When it comes to sharing gems from Star Trek’s behind-the-scenes history, its hard to find examples of items not seen many times before by much of the Trek fanbase. A relatively new Twitter account, @TrekDocs, has managed to do just that, and is bringing these historic Trek documents to the masses.
The “docs” themselves cover a wide range: from internal memos to behind-the-scenes photos to story pitches to letters sent in by fans.
We got a slide scanner for Christmas, along with about 100 slides from the set of Farpoint! Really awesome stuff here. Riker’s reaction: pic.twitter.com/JgvTLKG0Nn
— trekdocs (@trekdocs) January 10, 2017
— trekdocs (@trekdocs) August 27, 2016
— trekdocs (@trekdocs) December 18, 2016
We were curious as to how this Twitter account came to be. Where were these documents coming from, and who behind TrekDocs was able to procure them? TrekMovie spoke with one of the members of the TrekDocs team who introduced himself only as “Tom Paris” and explained that the team have decided to remain anonymous. “Tom” tells us that the TrekDocs team all used to work on Star Trek in one way or another and so were in the perfect position to save some of these historical documents when Star Trek halted its television production after the end of Enterprise.
“When Enterprise ended, Paramount ordered the production offices cleared out,” explains Tom. “There were numerous boxes of older material that would have been taken away and destroyed. As longtime Trek fans, we recognized that these boxes contained some pretty amazing franchise history. So instead of ending up in an incinerator, they ended up in our garages, closets, and storage units. They stayed there for a while and then we figured we should get them out there.”
The team decided that Twitter would be the best place to share their docs with the world. “It’s more anonymous, it’s less maintenance than a website, and we just thought it would be a fun way for people to see them,” says Tom. Their goal is to attract new followers to the @TrekDocs account in order to share their corner of Trek history with as many fans as possible.
“We take the time to do this because we love Trek; it’s been a huge source of inspiration to us. Reading this stuff was a joy, and we want to share that joy of discovery with people who love the franchise as much as we do.”
A fan laments the fate of Picard after the “Best of Both Worlds” cliffhanger. “Why don’t you just rip my heart right out?” June 25, 1990. pic.twitter.com/G3QYubShXi
— trekdocs (@trekdocs) February 23, 2017
TrekMovie: How much material would you say you guys have, and what form does it take (slides, photos, video, props, etc?)
TrekDocs: We have a few thousand pages of documents, though not all of it is interesting enough to warrant a post. It’s mostly paper, but we have some slides and photos as well. No video, unfortunately. There are a couple props, but they don’t fit into the scanner.
— trekdocs (@trekdocs) August 15, 2016
TM: Do you have any particular “gems” in the collection that you are holding onto to reveal at a later date? Or do you just go through the boxes and post whatever item you find next?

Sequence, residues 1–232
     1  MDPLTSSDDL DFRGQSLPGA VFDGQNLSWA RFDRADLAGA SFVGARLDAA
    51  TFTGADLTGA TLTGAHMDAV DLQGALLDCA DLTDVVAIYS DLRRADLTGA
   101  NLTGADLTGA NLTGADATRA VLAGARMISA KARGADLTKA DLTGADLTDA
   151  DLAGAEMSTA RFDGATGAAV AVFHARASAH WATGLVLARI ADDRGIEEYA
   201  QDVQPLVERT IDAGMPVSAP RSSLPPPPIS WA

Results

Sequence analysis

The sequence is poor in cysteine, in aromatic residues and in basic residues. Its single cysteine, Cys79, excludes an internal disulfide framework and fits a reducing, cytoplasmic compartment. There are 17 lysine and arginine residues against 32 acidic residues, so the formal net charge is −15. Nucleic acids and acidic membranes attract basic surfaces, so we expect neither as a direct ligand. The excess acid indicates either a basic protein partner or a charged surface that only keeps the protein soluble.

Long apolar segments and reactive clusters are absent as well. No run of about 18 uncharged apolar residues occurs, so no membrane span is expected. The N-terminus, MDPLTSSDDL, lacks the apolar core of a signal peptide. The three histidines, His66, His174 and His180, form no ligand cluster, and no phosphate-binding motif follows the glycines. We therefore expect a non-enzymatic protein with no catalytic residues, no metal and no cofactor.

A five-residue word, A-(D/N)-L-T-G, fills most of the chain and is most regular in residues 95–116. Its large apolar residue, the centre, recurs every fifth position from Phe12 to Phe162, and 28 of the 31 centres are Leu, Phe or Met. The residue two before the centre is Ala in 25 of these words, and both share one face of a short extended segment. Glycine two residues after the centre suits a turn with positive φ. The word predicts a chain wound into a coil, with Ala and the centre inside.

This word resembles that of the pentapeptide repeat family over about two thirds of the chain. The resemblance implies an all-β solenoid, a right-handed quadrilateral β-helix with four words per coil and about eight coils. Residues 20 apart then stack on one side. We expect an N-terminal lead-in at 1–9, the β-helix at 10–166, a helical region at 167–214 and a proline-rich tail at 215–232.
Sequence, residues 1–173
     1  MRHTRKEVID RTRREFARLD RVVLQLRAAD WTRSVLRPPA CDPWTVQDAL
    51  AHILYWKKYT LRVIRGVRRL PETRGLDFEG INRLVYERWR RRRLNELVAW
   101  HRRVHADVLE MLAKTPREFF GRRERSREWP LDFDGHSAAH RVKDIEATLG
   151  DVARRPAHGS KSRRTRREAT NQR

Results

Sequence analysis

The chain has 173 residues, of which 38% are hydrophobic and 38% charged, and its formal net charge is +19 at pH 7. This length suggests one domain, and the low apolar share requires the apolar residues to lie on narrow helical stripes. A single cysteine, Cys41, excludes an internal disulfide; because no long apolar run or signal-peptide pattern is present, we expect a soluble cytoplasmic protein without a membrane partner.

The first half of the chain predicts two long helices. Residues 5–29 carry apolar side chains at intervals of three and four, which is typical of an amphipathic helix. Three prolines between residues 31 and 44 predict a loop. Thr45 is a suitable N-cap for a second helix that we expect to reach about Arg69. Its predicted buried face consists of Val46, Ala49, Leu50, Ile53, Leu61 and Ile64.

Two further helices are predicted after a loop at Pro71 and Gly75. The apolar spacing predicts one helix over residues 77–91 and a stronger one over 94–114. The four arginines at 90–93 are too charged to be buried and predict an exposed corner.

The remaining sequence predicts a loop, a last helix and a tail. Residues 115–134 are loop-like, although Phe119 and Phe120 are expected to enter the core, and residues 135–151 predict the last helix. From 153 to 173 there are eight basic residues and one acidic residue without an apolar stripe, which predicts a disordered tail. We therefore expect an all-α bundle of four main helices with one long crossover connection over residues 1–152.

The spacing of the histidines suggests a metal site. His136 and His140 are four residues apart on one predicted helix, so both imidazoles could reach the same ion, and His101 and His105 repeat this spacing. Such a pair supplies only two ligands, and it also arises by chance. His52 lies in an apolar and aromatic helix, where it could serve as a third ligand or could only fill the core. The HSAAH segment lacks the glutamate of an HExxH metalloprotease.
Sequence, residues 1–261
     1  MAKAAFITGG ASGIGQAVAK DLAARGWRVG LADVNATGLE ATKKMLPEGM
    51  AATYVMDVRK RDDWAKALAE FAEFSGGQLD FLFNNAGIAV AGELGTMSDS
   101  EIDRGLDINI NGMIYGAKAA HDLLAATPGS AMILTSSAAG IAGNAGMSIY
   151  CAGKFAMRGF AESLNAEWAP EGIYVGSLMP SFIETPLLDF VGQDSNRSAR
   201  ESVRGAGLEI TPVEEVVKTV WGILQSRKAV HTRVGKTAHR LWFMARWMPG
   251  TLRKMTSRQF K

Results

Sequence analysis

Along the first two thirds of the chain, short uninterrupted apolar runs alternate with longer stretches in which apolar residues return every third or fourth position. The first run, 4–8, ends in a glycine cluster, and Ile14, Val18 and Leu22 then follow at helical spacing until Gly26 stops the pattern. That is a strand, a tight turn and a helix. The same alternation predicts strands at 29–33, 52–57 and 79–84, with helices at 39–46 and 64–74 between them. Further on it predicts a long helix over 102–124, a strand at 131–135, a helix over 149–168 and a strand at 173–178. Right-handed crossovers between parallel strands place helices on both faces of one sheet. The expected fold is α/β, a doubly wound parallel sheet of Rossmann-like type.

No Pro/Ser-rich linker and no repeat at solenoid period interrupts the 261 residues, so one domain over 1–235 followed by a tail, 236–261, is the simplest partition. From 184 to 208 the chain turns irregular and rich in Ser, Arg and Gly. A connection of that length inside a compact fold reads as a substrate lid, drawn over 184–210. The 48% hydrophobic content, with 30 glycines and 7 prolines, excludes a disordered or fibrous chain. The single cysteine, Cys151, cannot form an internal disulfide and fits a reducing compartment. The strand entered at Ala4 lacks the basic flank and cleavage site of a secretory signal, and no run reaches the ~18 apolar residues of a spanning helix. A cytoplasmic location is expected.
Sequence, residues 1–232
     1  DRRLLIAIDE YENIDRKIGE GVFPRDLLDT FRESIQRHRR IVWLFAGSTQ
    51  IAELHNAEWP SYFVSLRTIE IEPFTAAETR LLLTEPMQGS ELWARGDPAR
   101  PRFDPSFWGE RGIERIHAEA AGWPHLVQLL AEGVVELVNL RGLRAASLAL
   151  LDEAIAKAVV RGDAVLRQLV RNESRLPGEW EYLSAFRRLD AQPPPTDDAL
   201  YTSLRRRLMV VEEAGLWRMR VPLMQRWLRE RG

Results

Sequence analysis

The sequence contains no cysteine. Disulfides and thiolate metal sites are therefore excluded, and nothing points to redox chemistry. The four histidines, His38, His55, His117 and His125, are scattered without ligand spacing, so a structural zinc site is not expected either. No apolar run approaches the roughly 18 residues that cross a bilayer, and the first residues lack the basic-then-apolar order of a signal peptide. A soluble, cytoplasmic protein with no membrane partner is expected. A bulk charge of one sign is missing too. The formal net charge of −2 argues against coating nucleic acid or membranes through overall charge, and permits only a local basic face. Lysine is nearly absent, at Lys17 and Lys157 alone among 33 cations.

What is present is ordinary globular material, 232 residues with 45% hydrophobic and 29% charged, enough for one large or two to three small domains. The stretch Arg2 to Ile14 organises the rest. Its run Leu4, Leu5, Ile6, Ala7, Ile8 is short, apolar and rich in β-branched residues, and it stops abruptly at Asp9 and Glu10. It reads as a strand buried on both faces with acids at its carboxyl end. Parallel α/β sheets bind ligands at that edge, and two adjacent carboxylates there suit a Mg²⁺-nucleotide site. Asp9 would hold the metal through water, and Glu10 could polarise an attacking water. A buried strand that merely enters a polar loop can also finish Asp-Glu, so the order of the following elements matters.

TD: There are obviously documents that are cooler than others, and we want to make sure that if you come to the feed a year from now you’re not just getting memos about office furniture and catering. So we hold onto the really good stuff and try to parcel those out with a bit more forethought. Anything actually written by Gene, for example. Or really early TNG stuff that helped to define the series. There’s definitely a method to what we post and when.
TM: Tell me about the cooler documents. Do you have any favorite items that have been posted to the twitter account? Which item that you’ve posted do you feel has the most “significance” for Trek’s history?
TD: For the 50th anniversary we posted a memo where Gene reacts to a writer putting “will you marry me?” in a script. He uses it as an example of TNG writers having to let go of their “soon-to-be-outmoded values and political ideas” and goes on to talk a little about the difficulties the staff will face writing this new Star Trek. It’s a great look at his thought process not just for the series, but for his vision of the future that birthed Star Trek in the first place.
There’s also a great speech given by Bob Justman at a convention in 1987 that we posted back when the teaser for Discovery was released. As for the most significant, we’ve posted a few Bob Justman memos from 1986 where he casually suggests things like families on the ship or a Klingon member for the crew; it’s fun to read those and imagine everything we know about TNG coming together.
— trekdocs (@trekdocs) September 8, 2016
— trekdocs (@trekdocs) September 29, 2016
TM: Are the documents all from within a particular era of Trek?
TD: Everything is TNG or later, so sadly we’ve got no TOS material. The bulk of it is from development of TNG through the end of that series. We also have some Voyager, DS9, and Enterprise materials, including fun stuff from the development of all three. There’s also scattered bits from all of the TNG movies.
— trekdocs (@trekdocs) January 22, 2017
TM: How long have you been running the account, and how much longer can it be sustained (assuming that it can go so long as you have new documents to show)?
TD: We’ve been going since April of 2016. Based on what we currently have, we’re probably good for another two years or so. It’s our hope that, as the feed gets more readers, other people will come forward who have fun documents like this and help to fill out the collection.
We can’t wait to see what other special items TrekDocs has in store. Follow @TrekDocs on Twitter to stay up to date with the latest behind-the-scenes treasures.